How 4 companies responded to major recalls
In the highly-competitive food industry, a recall can hurt a company's brand and cause it to cede significant market share to its rivals — leading it to lose out on potentially millions of dollars in sales.
The massive size of today’s food industry makes contamination from bacteria such as E. coli or allergens like peanuts all but inevitable for producers. In order to minimize the chance of a mistake, food and beverage manufacturers have heavily invested in preventative safety measures and recall response plans. But these efforts can only do so much to prevent a recall — a reality several major brands learned the hard way during the last year.
E. coli outbreak hits SoyNut Butter, but agencies stay quiet
I.M. Healthy SoyNut Butter suffered an E. coli contamination earlier this year. While the Maryland Department of Health and Mental Hygiene and the Centers for Disease Control and Prevention put out warnings about the product on March 1, the CDC did not initially reveal which states were impacted by the outbreak.
The company also claimed it wasn’t immediately notified of its connection to the disease.
Food industry players and consumers wondered why health agencies were waiting to give specifics about which products were affected, especially since the sandwich spread is eaten by many children as a peanut butter alternative. Despite the health risks, the FDA stated it would not release the names of grocery stores that sold the product because it was "confidential commercial information” that was exempt from disclosure.
Critics say the FDA’s initial refusal to share news further endangered public health. In total, 29 people across 12 states were sickened by the outbreak — 14 of whom were children.
“Industry argues that they don’t want to turn over who they sell to, because competition will know and try to undercut them,” food safety lawyer Bill Marler told The Washington Post. “That’s all well and good under normal circumstances. But those rules should not and do not apply to a product that could cause people to become ill.”
Where are they now:
The FDA eventually named Kentucky-based Dixie Dew Products, which had supplied I.M. Healthy with soy paste that had been contaminated with E. coli, as the source of the contamination. Still, because of the secrecy that shrouded much of the recall, and the fact that so many children were exposed to the product — one suffered temporary paralysis — it's likely that I.M Healthy will still carry the brunt of consumer backlash. The CDC still recommends that consumers, childcare centers and schools stay away from I.M Healthy SoyNut butter regardless of the date purchased or the date listed on the container.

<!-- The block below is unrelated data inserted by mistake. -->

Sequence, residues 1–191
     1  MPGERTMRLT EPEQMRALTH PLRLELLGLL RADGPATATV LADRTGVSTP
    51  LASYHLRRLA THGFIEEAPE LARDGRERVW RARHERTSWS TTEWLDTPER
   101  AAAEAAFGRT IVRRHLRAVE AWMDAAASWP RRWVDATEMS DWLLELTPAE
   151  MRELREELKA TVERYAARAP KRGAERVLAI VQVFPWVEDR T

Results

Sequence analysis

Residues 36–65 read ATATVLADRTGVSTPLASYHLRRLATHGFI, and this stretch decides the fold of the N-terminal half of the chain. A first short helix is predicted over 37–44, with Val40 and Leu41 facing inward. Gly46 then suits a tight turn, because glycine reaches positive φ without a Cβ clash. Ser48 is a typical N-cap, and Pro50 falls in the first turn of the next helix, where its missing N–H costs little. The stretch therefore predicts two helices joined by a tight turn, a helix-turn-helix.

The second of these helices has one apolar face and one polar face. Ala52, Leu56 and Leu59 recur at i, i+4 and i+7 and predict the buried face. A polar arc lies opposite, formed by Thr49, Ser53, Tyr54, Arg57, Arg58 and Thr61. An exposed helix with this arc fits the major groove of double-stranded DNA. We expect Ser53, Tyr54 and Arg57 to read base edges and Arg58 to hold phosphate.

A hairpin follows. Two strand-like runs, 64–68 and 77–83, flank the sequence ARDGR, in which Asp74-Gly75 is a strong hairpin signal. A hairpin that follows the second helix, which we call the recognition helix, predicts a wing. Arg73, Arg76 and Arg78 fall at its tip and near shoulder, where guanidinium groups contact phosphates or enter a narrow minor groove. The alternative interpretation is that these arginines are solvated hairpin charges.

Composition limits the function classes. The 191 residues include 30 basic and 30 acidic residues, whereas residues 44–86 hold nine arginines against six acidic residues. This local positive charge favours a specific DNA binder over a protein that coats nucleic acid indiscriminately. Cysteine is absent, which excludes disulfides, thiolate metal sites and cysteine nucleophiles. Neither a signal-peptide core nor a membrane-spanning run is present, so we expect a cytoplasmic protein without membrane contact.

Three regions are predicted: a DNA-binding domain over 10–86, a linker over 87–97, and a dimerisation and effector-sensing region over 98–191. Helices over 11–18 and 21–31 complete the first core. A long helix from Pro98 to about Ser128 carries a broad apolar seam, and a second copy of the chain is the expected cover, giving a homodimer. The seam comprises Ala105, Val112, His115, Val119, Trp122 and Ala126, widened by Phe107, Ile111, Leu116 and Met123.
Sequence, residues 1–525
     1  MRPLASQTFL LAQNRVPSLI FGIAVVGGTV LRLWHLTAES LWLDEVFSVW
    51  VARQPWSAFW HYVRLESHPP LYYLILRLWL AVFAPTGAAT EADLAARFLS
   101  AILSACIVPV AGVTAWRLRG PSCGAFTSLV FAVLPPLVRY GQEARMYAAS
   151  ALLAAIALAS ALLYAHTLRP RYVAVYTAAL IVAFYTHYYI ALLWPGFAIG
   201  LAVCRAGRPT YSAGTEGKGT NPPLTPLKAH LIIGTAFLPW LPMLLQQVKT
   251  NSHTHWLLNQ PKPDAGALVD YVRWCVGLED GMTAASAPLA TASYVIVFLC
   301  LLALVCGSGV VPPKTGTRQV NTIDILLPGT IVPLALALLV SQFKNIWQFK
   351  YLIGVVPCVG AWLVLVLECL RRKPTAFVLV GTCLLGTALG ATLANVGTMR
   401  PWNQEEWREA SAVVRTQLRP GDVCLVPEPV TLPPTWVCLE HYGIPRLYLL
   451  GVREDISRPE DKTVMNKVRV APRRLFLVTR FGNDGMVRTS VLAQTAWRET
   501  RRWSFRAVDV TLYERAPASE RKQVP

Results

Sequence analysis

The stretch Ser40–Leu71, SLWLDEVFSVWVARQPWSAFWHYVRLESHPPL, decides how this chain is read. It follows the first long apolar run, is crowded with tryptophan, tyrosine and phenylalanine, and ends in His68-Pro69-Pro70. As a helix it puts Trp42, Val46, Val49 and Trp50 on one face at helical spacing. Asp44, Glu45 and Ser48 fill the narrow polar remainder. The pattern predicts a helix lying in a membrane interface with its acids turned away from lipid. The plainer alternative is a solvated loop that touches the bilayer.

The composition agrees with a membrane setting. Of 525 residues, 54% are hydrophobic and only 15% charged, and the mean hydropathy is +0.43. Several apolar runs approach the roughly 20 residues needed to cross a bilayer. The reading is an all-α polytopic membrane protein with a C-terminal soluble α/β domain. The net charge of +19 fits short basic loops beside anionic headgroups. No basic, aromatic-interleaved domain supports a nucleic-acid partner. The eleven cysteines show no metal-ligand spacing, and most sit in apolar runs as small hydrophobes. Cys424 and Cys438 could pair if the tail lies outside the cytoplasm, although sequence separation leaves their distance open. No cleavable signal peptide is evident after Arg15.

Back-to-back listeria recalls melt Blue Bell’s reputation
Few companies have had as tumultuous a history with recalls as Blue Bell.
In what month, the South Carolina Department of Health and Environmental Control found listeria in Blue Bell ice cream during a routine product sampling at a distribution center in the state. This discovery eventually snowballed into a recall of the company’s entire inventory and a complete shutdown of all three of its plants, leading to a 37% reduction of Blue Bell’s workforce. The ordeal was a PR nightmare, and CEO Paul Kruse released a video publicly apologizing for the contamination.
"We’re committed to fixing the problem… we are going to get it right,” Kruse said in the video.
The contamination was linked to several illnesses, including three deaths.
Blue Bell was only just beginning to restart production after this fiasco when another problem was uncovered. The beloved ice cream maker voluntarily recalled select product varieties after a chocolate chip cookie dough ingredient, made by its third-party supplier, Aspen Hills, tested positive for listeria. Determined to salvage its reputation, Blue Bell blamed Aspen Hills for the outbreak, but the supplier claimed the cookie dough had been tested and was found clear of listeria. It soon became evident Aspen Hills was the culprit when four other brands the company supplied the cookie dough to announced their own listeria recalls.
After an FDA investigation, listeria was found in 10 different places in the supplier’s factory. The FDA wrote the cookie dough manufacturer a scathing letter accusing it of “not taking aggressive action" after inspectors found rusty equipment, ingredients spilled on the floor and tracked through the factory and other evidence of company negligence.
Where are they now:
After the recall, Blue Bell cleaned its facilities extensively before restarting production. The ice cream maker also implemented food safety procedures that required all products to test clean before leaving the factory. It reintroduced its products in Arizona and Colorado last month. The recall cost the ice cream maker dearly — 2016 sales came in at $455 million, just over half of its 2014 total — and the fallout of the listeria crisis continues to plague the company. Just a few weeks ago, a Texas couple filed a lawsuit alleging that the husband had ingested listeria while eating Blue Bell ice cream in 2015. The pair is demanding at least $200,000 in damages, the latest in a string of suits against the company.
General Mills gets a raw deal over raw flour consumption
Food manufacturers invest heavily in preventative food safety measures, but this particular recall raises an interesting question: To what degree do brands need to advertise food safety risks on product packaging?